I'm against outsourcing of call-centers even "in theory". And "in practice". And "in anything else I can think of". It's just a bad idea all around - the brand suffers, the customers suffer, the engineering suffers. All that happens is that a bunch of hobos in India get rich.

  • Re:I hated dell... (Score:4, Interesting)

    by Eskarel ( 565631 ) on Sunday March 25, 2007 @09:57PM (#18483151)
    Dell gets a lot of flack, but in my experience they're usually the best of a bad lot. If you are an average user and you want an affordable pre-built PC which you can get support for, it's about your best bet.

    The first dimensions sucked, but they've gotten better, and they even seem to have worked through the problems they were having with their business models(the Optiplex 270's and 280's were pretty shocking, the 260's were ok though and the 520's are reasonable). I'd personally never buy one, but that's because building the PC is half the fun of buying one for me.

    As for their support experience, yes you'll end up talking to someone from Southeast Asia(Dell left India some time ago) who barely speaks English, and yes they will be working really hard not to send the technician out to see you(assuming you have on-site support in the first place), but if you are sufficiently obnoxious and forceful(I hate doing it, but when I was working in support I just got tired of playing the game), they'll do what you want them to do and fix your problem. HP's support on any of their consumer grade products is much worse, at least it is over here.

    When people ask me what computer to buy, I generally recommend Dell simply because their products are as good as most, they're prices are reasonable, and they'll be around in 5 years. I don't build PC's for people because I don't support home PC's, so Dell is as good a solution as any.

  • Re:I hated dell... (Score:3, Interesting)

    by xtracto ( 837672 ) on Monday March 26, 2007 @05:57AM (#18485853) Journal
    But when you now ship you call-center to india, you have now created a corporate entity that has no interest in minimizing call volumne. To the contrary - they get paid by the number of calls or the number of minutes spent on calls and thus it is in their best interest to have as many calls as possible. The survival of the call-center rests on there being as many service calls as possible.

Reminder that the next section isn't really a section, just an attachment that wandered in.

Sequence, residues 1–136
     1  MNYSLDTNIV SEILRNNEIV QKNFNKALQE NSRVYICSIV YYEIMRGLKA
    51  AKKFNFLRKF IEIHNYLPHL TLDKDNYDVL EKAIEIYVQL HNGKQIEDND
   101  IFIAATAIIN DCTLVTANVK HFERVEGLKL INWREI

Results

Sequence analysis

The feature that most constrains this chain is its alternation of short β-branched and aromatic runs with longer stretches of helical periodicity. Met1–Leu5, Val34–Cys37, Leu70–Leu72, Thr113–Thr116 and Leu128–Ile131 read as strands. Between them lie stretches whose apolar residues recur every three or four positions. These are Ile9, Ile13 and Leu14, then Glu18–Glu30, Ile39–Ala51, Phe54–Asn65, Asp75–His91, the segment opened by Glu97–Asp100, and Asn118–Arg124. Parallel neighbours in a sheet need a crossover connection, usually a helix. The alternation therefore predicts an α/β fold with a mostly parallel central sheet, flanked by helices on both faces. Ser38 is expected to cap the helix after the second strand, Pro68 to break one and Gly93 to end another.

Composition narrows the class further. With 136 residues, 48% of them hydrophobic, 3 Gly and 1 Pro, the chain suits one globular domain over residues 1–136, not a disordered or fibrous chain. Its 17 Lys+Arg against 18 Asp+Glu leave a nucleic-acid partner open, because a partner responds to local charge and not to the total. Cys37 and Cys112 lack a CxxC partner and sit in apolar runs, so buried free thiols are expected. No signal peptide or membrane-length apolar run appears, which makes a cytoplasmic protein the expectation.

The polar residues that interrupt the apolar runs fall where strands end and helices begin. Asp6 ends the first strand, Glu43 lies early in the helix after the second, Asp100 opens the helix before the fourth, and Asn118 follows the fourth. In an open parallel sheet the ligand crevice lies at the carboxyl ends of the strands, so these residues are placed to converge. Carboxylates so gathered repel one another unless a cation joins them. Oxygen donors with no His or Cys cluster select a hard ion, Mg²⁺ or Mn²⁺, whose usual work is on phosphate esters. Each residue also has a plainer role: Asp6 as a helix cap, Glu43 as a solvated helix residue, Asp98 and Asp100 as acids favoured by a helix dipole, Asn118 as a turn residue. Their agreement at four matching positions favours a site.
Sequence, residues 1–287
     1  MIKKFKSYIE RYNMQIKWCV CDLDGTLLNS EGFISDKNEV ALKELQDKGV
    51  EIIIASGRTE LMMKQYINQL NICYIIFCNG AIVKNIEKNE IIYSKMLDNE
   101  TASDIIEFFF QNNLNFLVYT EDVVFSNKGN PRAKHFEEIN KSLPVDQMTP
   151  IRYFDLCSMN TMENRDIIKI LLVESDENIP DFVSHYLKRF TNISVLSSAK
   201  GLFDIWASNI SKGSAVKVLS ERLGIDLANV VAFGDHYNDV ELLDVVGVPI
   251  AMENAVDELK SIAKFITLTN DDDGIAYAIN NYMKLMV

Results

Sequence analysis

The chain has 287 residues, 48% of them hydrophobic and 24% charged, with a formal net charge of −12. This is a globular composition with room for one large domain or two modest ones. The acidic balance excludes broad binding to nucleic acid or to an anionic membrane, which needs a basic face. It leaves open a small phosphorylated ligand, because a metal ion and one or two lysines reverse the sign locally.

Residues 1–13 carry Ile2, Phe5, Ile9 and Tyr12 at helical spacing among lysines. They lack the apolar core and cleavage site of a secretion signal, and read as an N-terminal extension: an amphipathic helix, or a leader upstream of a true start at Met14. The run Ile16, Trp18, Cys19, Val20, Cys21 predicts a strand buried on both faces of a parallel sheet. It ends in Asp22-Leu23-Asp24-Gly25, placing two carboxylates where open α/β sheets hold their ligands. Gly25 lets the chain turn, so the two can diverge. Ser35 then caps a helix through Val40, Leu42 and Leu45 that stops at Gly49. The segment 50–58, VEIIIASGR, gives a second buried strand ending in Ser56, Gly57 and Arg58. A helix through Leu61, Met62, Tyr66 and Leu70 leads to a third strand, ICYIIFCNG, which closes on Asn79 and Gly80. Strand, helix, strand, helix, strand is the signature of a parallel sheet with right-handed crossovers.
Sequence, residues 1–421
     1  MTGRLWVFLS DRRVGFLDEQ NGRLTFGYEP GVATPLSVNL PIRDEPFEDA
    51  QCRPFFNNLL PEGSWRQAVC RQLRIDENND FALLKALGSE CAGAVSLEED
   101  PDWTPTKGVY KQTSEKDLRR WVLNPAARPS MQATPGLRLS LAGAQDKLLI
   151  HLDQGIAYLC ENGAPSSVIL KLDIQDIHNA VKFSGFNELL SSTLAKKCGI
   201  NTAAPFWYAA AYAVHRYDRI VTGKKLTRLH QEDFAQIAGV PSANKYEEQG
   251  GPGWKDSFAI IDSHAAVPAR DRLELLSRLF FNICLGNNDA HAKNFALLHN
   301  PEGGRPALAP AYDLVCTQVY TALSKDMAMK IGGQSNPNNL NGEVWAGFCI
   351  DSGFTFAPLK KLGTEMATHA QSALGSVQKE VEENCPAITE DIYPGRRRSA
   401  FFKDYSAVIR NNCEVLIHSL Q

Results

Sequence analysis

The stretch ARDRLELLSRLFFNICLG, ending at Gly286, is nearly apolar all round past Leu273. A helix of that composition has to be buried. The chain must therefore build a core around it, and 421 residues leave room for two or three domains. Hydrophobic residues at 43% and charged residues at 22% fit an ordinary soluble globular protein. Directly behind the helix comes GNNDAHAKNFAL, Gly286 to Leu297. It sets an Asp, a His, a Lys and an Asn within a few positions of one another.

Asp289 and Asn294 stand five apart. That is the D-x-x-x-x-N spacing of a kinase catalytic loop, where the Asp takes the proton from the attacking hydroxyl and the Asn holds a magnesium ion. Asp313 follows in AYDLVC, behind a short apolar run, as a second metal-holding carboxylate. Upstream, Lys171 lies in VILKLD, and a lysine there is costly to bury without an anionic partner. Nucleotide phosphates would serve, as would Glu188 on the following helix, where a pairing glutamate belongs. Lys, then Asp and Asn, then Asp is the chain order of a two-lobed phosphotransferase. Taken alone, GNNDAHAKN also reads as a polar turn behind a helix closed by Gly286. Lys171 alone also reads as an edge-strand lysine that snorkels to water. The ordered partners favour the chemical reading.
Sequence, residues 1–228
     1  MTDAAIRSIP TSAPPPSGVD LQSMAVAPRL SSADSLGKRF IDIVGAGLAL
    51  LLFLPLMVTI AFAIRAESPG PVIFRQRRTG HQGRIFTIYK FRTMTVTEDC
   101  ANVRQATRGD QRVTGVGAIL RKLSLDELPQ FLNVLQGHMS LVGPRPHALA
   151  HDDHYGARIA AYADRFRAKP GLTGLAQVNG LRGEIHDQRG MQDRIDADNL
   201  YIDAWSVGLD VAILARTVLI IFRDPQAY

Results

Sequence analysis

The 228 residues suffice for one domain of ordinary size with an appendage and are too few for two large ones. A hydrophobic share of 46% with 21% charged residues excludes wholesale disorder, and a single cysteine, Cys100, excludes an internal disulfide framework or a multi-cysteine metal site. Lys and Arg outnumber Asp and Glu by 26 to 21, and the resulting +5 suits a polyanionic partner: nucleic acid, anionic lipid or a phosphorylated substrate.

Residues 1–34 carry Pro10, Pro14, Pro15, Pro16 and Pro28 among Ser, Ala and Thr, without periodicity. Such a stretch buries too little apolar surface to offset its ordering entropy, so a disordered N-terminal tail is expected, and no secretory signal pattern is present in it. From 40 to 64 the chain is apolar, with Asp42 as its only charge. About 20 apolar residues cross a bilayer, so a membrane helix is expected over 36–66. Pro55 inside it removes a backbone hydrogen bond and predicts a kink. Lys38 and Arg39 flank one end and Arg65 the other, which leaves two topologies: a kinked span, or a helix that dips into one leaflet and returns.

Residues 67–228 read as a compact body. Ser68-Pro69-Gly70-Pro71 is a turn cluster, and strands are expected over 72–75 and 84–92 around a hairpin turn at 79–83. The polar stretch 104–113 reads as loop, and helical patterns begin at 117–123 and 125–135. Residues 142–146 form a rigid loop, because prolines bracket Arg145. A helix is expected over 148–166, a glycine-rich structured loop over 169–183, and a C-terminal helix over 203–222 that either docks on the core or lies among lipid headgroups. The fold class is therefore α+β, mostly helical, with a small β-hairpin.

My girlfriend used to work in a call centre (not in India of course). There are several points you ignore:

    1. Some calls are recorded and workers are examined each week or two weeks.
    2. You do not want to spend much time on each call, there is an average call time and if you more than the average it means you are being inefficient (or sometimes that the caller is a dick, but that is checked in the weekly tests).
    3. You do not get paid by the number of calls (you work from 9 to 5 and get paid a specific salary). Usually you want *less* calls.
    4. The survival of the call center only rests on the company wanting to provide that service.
    5. The people working there are humans, lots of the time there *are* software problems and whatnot.

    Of course it all depends on the company policy. My girlfriend worked in an outsourced insurance policy call center. It is not until you know somewhere on the *other* side of the phone that you realize what kind of job is that.

    Nowadays, if I need to call to some call centre I am more polite and calm with the guy/girl at the other side. If you do not like something about the company ask for the manager and tell her, or write a letter. You will not achieve anything by yelling to the girl who answers the phone, she does not have the power to do *anything*, youd better talk to a manager or someone else.
  • no proof required? (Score:2, Interesting)

    by Zwaxy ( 447665 ) on Monday March 26, 2007 @05:58AM (#18485857) Homepage
    Judging by the emails, they didn't want to see any proof that you had uninstalled Windows, or even that you had actually bought a Dell machine.

    Is this offer of free money available to everyone? Or did they check more than you show in the emails?

If all else fails, immortality can always be assured by spectacular error. -- John Kenneth Galbraith